It’s hard to believe apples don’t have a worse reputation. They’re responsible for such travesties as getting Adam and Eve kicked out of the Garden of Eden, putting Snow White under an eternal sleeping curse, and—if you believe the rhyme—keeping doctors away!
Maybe it’s because they provide us with so many benefits that we’re happy to overlook their association with these events. They’re incredibly nutritious, taste great and can be transformed into all sorts of cakes, tarts, pies and pastries.
So, it appears apples have a lot going for them. It should come as no surprise then that the apple has played a part in my journey to recover from an eating disorder.
We’ve talked a lot about the ED’s ability to take an intelligent, logical person and turn them into a raging bull quicker than you can say: “Should you be eating that?” And while the frequency of my ED outbursts has dropped the closer I come to full recovery, it doesn’t make it any less frustrating when the freedom I once enjoyed is hijacked by the illness. I used to be a girl who was firm in her answer to everything—I knew what I wanted and what I didn’t. Now, the simplest decisions can become drawn-out internal battles as I fight to ignore the ED’s rules and routines.
Lately those battles have centred around whether or not it’s okay to eat an apple before breakfast. If you’re a regular here at mindfoodly you’ll know when I’m at work I don’t eat anything until breakfast at 10.30am. (This is one way the ED tries to assert its control over me. Obeying the ED’s rules for when, where, how and what you’re allowed to eat can feel comforting and safe, but the reality is it’s incredibly bad for you—mentally and physically). Until recently this arrangement didn’t bother me too much. But the thing about recovery is the further you progress the harder it is to ignore these ‘comfortable’ situations.
All last week I was dying to eat something before breakfast. I still rely on the security my rigid daily exercise regime provides (something I really need to work on) so it’s not particularly shocking that I feel hungry early in the day. But I’d been getting strong hunger urges earlier than usual and at one point my unsatisfied appetite even had me feeling nauseous. I spent ages negotiating with the ED, trying to find a way that I could eat before breakfast while still obeying its rules. Eventually I knew I needed to call Matt.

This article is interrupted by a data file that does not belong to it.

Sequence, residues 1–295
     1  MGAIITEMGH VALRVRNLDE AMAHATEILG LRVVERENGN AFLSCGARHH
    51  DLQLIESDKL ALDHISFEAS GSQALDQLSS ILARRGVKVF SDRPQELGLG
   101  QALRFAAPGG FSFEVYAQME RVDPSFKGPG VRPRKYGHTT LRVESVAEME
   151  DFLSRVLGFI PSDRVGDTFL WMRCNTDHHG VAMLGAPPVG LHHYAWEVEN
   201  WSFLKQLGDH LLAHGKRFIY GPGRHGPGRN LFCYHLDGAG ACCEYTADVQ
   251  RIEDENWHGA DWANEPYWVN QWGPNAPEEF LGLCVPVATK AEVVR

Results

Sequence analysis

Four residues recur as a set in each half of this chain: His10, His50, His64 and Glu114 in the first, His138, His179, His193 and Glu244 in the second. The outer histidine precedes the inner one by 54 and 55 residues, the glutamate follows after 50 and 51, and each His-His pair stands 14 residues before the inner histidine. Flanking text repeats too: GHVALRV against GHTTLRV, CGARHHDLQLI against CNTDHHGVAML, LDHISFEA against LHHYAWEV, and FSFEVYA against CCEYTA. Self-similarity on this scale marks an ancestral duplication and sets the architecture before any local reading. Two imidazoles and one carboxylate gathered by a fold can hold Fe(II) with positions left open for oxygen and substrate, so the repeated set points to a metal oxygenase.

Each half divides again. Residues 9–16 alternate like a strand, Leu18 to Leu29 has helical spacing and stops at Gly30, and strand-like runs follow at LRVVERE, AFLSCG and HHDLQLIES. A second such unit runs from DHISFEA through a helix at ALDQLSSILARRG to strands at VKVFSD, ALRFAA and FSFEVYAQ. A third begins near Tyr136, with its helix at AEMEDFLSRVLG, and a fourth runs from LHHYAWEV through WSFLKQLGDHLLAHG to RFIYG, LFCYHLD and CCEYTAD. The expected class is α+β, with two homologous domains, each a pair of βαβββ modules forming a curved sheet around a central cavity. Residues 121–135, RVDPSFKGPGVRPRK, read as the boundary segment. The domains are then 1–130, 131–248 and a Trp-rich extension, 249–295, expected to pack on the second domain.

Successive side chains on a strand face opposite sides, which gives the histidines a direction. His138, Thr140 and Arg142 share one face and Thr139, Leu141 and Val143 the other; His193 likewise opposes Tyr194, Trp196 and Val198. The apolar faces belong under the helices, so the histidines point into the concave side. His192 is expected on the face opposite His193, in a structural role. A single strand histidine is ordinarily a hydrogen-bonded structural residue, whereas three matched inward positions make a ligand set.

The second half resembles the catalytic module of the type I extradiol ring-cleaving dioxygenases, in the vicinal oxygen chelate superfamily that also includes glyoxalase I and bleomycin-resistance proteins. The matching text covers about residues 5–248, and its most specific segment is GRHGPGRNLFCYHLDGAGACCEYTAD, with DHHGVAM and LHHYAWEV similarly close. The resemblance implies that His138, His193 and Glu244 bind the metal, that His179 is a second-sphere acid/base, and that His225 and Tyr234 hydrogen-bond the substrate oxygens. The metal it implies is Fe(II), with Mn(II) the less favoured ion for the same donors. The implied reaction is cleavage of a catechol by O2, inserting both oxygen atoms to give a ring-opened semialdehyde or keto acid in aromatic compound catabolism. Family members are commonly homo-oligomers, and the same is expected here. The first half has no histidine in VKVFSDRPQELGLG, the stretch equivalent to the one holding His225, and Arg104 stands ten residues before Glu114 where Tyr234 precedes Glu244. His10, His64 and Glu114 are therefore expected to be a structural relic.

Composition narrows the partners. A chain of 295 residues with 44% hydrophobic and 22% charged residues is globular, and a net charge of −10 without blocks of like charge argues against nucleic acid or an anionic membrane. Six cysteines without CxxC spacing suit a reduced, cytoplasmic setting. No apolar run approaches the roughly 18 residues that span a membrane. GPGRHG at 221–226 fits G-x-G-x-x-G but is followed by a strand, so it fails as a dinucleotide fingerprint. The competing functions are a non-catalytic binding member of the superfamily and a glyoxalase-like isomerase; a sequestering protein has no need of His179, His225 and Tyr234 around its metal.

He reminded me of one of our favourite sections in Jenni Schaefer’s book about recovering fully from an eating disorder, Goodbye Ed, Hello Me, where Jenni talks about “letting go, having faith and jumping”. Matt pointed out that even though the thought of eating an apple in the morning felt scary, it was only because the ED told me it should. He reminded me of what my dietitian has told us many times: if your body tells you it’s hungry, then eat (this is especially important during recovery—when in doubt, I eat!).
The next day, when my hunger cues hit, I was prepared. As the ED thoughts began to flow I pulled out these facts in reply:
1. I’m hungry and this is what my body wants.
2. It’s bloody fruit! (Thanks a lot all you ‘gurus’ out there making us believe fruit is bad for you!)
And it worked! After a week of hungry mornings I’m happy to say that I ate my apple and it was great! I’m so proud of myself for letting go, having faith and jumping. It’s yet another step closer to trusting my body and its cues.
I can forgive apples for what they did to Adam and Eve and Snow White. But I won’t forgive the ED for making me believe it was wrong to eat an apple whenever the hell I felt like it. Now if you’ll excuse me, there’s a Pink Lady calling my name!